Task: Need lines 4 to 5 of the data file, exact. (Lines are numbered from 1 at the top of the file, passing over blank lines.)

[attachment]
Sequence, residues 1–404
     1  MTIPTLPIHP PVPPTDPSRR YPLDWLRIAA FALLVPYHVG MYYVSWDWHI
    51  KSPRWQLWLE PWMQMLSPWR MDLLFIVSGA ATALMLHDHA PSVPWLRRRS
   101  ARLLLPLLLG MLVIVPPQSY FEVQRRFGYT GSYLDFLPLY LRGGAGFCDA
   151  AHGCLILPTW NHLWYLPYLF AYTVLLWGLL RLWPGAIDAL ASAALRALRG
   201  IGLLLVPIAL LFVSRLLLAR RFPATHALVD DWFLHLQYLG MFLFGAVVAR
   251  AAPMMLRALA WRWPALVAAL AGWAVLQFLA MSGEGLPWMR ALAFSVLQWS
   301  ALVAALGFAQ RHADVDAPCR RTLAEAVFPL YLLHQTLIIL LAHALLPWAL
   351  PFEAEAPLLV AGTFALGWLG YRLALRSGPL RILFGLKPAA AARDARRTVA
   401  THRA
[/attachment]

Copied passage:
   101  ARLLLPLLLG MLVIVPPQSY FEVQRRFGYT GSYLDFLPLY LRGGAGFCDA
   151  AHGCLILPTW NHLWYLPYLF AYTVLLWGLL RLWPGAIDAL ASAALRALRG